How YouGov correctly predicted the UK election where other pollsters failed

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The polling firm YouGov correctly predicted the UK election thanks to an experimental statistical model called MRP

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The shock UK election result capped a miserable year for pollsters, following botched predictions for the EU referendum and US Presidential election, but one of them correctly forecast a hung parliament where almost all others failed.

As LBC and Newsnight presenter James O’Brien put it: "The only real winner so far is YouGov." 

The YouGov prediction was the result of a new statistical model called Multilevel Regression and Post-stratification (MRP) that was developed to produce estimates for small geographies, such as constituencies. It led the firm to correctly forecast the winner in 93 percent of seats, despite relying on an average sample size in each constituency on just 75 people. 

The model was primarily developed by Professor Ben Lauderdale of the London School of Economics and YouGov's data science team, headed by Doug Rivers of Stanford University, who told Computerworld UK how it works.

"A poll of 75 people can easily be off by ten plus points," says Rivers. "The trick was we knew how many people voted Conservative and Labour and SNP in 2015, and we know how many voted to leave or remain in 2016. Those two things when you add them to the demographics are much more powerful predictors."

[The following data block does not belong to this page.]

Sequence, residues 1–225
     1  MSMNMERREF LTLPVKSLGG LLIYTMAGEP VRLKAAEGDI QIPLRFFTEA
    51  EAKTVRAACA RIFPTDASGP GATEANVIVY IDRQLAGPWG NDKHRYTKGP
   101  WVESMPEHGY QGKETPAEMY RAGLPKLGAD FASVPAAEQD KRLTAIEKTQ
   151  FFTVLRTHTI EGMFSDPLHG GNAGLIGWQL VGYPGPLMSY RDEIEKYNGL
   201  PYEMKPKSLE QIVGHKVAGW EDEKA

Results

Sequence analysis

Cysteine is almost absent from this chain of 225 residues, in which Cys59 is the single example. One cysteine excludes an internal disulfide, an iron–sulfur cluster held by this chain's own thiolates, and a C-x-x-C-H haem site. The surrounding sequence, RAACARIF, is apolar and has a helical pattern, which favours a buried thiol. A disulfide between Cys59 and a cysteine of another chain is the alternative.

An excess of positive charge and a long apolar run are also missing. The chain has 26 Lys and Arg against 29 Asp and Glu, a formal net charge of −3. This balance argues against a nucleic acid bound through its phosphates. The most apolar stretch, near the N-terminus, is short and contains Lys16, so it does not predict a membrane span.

Previous voting behaviour is added to demographic information to reinforce the small sample sizes that typically leave a lot of room for error when predicting each constituency.

The model thereby enriches insufficient data and low response rates to accurately predict which seats would have swings. 

The YouGov MRP model

YouGov used poll data from the preceding seven days to relate the variables on respondent profiles to their current voting intentions. These variables include their constituency, demographics, past voter behaviour and interview date. The model then estimates the probability of each type of voter voting for a specific political party.

The Office of National Statistics (ONS) annual population survey, the British Election Study, and the 2015 general election and EU referendum votes are then used to estimate how many of each voter type there are in every constituency. YouGov can then predict how many of each type intends to vote in their constituency.

The model further compensates for the small number of interviews conducted in each electoral area by pooling data from respondents in other constituencies to augment the sample size and increase its accuracy. This works because voter profiles remain a fairly accurate predictor regardless of where they live.

The data is sent from YouGov's survey system to its in-house Crunch analytics database. The sample is then processed through a piece of open source probabilistic software called Stan that was invented by Columbia University statistician Andrew Gelman. It uses an algorithm known as the Hamiltonian Monte Carlo algorithm to model estimates of the data.

Against the odds?

The loss of Canterbury to Labour after 99 years in Tory hands was a shock to most, but YouGov saw it coming. Its prediction was primarily based on Canterbury having a large presence of remain voters and students.